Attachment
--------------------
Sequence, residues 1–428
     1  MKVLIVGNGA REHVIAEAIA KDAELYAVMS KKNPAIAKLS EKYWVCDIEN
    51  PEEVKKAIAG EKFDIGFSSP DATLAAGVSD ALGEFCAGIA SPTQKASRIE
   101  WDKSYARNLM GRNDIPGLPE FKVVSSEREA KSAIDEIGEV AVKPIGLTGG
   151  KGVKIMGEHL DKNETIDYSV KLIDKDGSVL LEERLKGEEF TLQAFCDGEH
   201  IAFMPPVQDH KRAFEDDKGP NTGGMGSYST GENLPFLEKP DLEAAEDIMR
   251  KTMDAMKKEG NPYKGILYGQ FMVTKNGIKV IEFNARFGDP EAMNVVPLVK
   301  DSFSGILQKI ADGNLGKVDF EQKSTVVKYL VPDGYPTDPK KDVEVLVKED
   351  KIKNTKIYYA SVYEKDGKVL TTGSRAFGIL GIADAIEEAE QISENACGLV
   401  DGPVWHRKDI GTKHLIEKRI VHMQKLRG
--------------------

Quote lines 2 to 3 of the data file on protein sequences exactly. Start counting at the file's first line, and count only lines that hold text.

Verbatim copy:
     1  MKVLIVGNGA REHVIAEAIA KDAELYAVMS KKNPAIAKLS EKYWVCDIEN
    51  PEEVKKAIAG EKFDIGFSSP DATLAAGVSD ALGEFCAGIA SPTQKASRIE